After several seasons of being on Santa’s naughty list—our stockings brimming with coal—I think it’s time my husband and I learned how to make merry again.
Surprisingly, for two fairly peaceful, private people who spend most of the year getting along pretty well, it’s curious how Mark and I have become expert at yuletide rows that leave a lasting impression—not just on us, but on our friends and family as well.
I suppose if it were a once-in-a-while gig it might be vaguely entertaining, but as repeat offenders we’re in grave danger of becoming that sad lounge act—the has-beens who’ve played the dinner theatre in Schenectedy one too many times—who are poised on the slippery slope of being downright annoying.
So as I set my sights on turning the ship around this Christmas—making love not war—I thought it might be wise to look back on the last few years to see if I can pinpoint where we have gone so terribly wrong. Perhaps a forensic audit of our Christmas’ past might give us clues about the underlying cause of our Seasonal Marital Discord Syndrome (SMDS).
Two years ago we had a Christmas tussle about our son drinking too much chocolate milk. We had unwittingly fallen prey to the manipulations of a crafty pre-schooler who had discovered the art of divide and conquer; finding someone who will say “yes”, even after mommy and daddy have said “no”. Poor Auntie Kimmy got caught in the crossfire that year—my sister still has PTSD about coming to our house for the holidays.
We didn’t figure out how badly we’d been duped until Boxing Day, when the whole story came into a clearer light. My sister, on a diplomatic mission of sorts, visited us in our separate household camps to explain what had really gone down. “It was me!” she said, “I gave him the chocolate milk!” It’s too bad that on Christmas Day—that Day of Holy Days—all generosity of spirit between us had evaporated (hmmm...possibly clue number one) and we were in the mood to shoot first and ask questions later.
The Christmas before that it was the “mandarin incident”. Neither of us can remember what the fight was about, but what comes quickly to mind is that a mandarin orange flew across the kitchen, hitting me in the backside while I was elbow-deep in a frozen turkey, barking orders and generally bossing people around (clue number two).
Mark denies having thrown the tiny orange but I still maintain that it needed some kind of a launching pad (like his hand perhaps) to have successfully travelled from its bowl to my bum (and yes, uncontrollable, childish outbursts would be clue number three). Short of an Oliver Stone-esque re-enactment to examine the wayward trajectory of the magic mandarin (was it back and to the left, or the other way around?) I’m pretty sure it was him. My mother-in-law, who was another totally innocent bystander trapped in the melee that year, was beyond reproach.
The year before that, we fought about an offside comment Mark made to some early-bird visitors to our home about my morning face—something akin to “Hey guys, come see what the wife really looks like!” It was a pathetic attempt at being funny (clue number four) and yes I was in a “super-sensitive mood” and was “totally PMS-ing” at the time, and so took it quite personally. (And that will do quite nicely as clue number five.)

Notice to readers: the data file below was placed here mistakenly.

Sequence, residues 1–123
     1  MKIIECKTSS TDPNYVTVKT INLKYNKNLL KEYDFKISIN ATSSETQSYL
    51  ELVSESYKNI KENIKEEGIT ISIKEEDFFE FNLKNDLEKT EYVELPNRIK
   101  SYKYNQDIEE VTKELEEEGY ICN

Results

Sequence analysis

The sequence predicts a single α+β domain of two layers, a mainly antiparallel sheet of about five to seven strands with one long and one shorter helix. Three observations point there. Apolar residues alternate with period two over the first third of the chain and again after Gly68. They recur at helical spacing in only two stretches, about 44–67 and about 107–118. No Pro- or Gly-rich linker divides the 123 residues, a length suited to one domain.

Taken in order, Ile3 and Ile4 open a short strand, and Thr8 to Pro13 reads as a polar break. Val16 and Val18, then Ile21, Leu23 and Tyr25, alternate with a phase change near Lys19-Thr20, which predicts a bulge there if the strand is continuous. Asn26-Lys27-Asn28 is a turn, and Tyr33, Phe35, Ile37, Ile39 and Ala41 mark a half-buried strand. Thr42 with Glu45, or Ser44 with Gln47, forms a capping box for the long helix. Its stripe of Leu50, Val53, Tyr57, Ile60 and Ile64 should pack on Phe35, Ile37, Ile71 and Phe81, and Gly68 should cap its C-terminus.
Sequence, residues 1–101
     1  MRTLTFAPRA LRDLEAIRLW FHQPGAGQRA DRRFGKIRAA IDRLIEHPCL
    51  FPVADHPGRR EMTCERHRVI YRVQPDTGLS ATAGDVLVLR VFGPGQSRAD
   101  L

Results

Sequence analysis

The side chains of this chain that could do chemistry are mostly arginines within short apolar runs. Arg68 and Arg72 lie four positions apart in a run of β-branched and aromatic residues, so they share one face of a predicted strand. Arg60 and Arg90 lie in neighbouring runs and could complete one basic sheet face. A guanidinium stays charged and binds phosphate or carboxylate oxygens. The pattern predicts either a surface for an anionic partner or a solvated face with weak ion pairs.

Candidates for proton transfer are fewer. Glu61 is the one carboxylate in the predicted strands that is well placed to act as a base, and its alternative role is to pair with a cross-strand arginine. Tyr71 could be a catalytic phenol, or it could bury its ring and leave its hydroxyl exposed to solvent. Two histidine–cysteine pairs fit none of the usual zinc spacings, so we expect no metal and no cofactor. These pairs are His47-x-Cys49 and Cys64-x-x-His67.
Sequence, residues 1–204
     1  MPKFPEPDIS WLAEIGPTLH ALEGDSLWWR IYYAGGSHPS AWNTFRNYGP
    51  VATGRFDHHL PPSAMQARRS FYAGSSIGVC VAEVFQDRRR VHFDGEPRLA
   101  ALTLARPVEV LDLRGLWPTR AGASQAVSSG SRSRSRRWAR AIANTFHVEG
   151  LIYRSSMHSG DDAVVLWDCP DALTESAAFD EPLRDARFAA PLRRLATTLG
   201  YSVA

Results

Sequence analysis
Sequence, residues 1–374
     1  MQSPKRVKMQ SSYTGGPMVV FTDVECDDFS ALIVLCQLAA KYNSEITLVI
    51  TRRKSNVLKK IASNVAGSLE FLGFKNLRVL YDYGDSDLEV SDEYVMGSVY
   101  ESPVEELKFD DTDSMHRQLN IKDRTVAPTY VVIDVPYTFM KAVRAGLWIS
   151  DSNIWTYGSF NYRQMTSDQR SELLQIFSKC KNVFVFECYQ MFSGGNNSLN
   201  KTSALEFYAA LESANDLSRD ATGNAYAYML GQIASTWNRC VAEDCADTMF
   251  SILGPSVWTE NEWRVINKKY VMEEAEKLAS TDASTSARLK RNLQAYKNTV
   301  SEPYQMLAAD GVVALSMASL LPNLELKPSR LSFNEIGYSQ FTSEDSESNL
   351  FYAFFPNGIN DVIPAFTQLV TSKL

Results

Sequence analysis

Last year we didn’t have a fight at all, opting instead for a seven-day perma-freeze of ice age proportions—one that put our innocent bystanders at risk of an acute case of pneumonia. I don’t recommend the silent treatment, especially at Christmas. Regardless of what you do to one another, it’s not fair to inflict that kind of pain and suffering on other people.
Thankfully, this year, I think we may have gotten our annual Christmas fight out of the way early. Nothing can invoke the spousal death ray of disapproval, or clean out the marital cupboard full of cobwebs, like asking for help rearranging the furniture. And on that subject, what is so awful about getting an itchin’ for a switchin’ anyway? It’s a great way to fight the domestic doldrums and it sure beats running away with the mail man for spice-of-life value. Trust me folks, moving the sofa is far less complicated.
The good news is we survived my most recent episode of dancing-with-the-furniture. So in addition to the dining room being ready for a joyous feast, the tension-filled balloon of the holiday season has had some air let out of it. It’s entirely possible that Mark and I are well on the road to having a happy holiday season for the first time in years. If we can convince our families to give us one last chance to show some real hospitality—minus the floor show—we’ll have Christmas back on track.
And with the lessons of our past holiday failures top of mind—be generous, don’t be bossy, act like a grown-up, don’t say stupid stuff, and try not to take things personally—we might actually be able to get our SMDS under control. That means three whole weeks to truly enjoy the holidays and the simple pleasure of cramming ourselves full of shortbread and eggnog.
And if we can get the presents wrapped early, there might even be a chance for us to finally don our matching red velvet hats and play ‘Santa’s-little-helper’ once our son goes to bed Christmas Eve. Of course if the copious quantities of shortbread and eggnog leave us feeling too fat and disgusting to fool around, at the very least we should be able to enjoy one another’s company. And to that I say, Amen!
Now pull up a chair (in my house you’ll need to look before you sit, because things have moved around a bit), hoist a glass of rum and eggnog, pass the cookies in the plaid box...and let’s all toast to a happily married Christmas.